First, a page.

In an emergency, a crayon will light for thirty minutes.
In an emergence, rainbow votives held high
refract prisms on walls and in the sky, flying flares
detract from heat-seeking missiles and take the blame.
Grateful for aim and gasping for breath,
thanks to lighthouses and harbingers
we have escaped death and burn with purpose
like a California wildfire fueled by fierce winds,
choosing our victims with a logic only known
by three-hundred-foot tall flames that take
everything in their wake by storm.
Our prayers reside in droplets of rain
hovering over clouds of smoke that move
from here to New Jersey and wind up
on the news, coating everything in fear
and soot, the tears of mothers dripping down
on things we could no longer protect,
dirty black rivulets making their way south.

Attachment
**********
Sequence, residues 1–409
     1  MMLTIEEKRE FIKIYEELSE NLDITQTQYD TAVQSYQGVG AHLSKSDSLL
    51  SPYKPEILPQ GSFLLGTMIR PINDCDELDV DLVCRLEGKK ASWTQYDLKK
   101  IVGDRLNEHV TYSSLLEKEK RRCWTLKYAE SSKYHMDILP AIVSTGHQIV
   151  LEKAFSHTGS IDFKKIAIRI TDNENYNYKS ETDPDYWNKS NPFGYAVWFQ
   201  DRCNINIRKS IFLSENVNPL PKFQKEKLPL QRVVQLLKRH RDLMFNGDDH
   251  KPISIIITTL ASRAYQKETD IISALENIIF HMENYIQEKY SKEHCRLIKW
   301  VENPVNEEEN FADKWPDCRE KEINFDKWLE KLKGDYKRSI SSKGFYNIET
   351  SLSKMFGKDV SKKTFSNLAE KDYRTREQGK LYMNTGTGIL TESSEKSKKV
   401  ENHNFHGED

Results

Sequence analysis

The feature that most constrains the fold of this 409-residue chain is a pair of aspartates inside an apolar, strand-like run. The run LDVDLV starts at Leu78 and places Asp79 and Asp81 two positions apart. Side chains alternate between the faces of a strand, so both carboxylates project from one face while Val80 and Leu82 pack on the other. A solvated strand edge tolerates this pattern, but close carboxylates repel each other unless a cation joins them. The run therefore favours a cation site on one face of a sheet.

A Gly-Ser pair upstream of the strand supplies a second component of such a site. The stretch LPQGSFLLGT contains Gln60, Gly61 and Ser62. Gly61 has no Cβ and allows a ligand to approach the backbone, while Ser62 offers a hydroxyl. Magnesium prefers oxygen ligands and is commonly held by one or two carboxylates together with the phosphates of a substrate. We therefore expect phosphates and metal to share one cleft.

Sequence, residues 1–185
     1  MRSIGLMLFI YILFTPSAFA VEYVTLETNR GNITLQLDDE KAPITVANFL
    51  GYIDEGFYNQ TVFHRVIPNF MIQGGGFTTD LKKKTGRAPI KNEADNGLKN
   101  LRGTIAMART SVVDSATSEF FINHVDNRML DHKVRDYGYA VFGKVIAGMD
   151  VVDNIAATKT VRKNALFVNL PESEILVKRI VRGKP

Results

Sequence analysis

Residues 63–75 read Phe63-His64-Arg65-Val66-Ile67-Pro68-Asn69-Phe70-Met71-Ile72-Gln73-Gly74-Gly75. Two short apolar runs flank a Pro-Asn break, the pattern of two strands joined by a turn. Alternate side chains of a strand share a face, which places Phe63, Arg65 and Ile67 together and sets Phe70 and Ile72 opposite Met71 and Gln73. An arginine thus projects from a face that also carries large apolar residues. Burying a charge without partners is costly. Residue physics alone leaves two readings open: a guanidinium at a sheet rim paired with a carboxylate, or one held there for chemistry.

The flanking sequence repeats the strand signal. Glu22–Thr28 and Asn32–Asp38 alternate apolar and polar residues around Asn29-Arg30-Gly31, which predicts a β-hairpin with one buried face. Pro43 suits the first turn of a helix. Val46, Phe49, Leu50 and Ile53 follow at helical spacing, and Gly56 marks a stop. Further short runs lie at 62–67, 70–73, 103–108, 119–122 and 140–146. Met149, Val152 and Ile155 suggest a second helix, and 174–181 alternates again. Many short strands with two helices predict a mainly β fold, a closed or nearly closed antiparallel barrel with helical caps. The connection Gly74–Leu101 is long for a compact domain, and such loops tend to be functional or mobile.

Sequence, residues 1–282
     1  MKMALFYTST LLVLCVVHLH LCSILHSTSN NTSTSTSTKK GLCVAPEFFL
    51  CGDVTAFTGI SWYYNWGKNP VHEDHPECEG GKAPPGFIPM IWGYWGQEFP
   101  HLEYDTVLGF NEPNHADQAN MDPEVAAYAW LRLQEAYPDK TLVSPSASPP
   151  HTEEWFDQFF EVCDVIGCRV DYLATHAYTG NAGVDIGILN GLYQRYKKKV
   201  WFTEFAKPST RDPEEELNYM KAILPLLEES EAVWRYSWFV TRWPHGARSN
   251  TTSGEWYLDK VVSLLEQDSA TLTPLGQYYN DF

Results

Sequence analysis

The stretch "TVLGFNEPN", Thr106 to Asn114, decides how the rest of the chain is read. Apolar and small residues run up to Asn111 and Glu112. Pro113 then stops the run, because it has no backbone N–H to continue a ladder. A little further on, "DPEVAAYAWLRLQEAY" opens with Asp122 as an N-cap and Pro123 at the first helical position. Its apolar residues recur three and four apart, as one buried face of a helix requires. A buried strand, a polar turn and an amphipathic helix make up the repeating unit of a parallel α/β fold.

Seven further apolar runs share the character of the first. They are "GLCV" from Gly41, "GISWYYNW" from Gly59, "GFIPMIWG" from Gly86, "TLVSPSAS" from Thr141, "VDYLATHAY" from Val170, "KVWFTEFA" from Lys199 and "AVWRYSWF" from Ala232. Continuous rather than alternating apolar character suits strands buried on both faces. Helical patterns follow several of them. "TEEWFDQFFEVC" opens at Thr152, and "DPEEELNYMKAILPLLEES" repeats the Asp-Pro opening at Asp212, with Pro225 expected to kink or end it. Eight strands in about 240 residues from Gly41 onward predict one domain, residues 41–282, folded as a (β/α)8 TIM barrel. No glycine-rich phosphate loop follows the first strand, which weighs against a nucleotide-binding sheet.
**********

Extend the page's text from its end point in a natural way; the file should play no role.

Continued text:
Enlightened by loss we remove the handles
from toothbrushes to take every last ounce
of weight off our backs, to ease the days
spent on trails that are thousands of miles long;
Somewhere, someone has recorded all this
for posterity, hoping someone will be alive
to grasp these leftover asphalt thoroughfares,
remnants of dams and plastic hills,
miscellaneous bits of things we left behind
in our attempts to run from ourselves—
Unidentifiable trinkets that melted together
to block the natural paths of rivers
until they forgot how to flow to the ocean.
dm freeman is a writer and full-time student of social sciences, communication, and philosophy. She lives with her family at the base of a 14,179 foot tall sleeping volcano. The volcano doesn't frighten her, but climate change does. She reads flash fiction for newfound.org and writes 3am musings at sanguinemeander.com.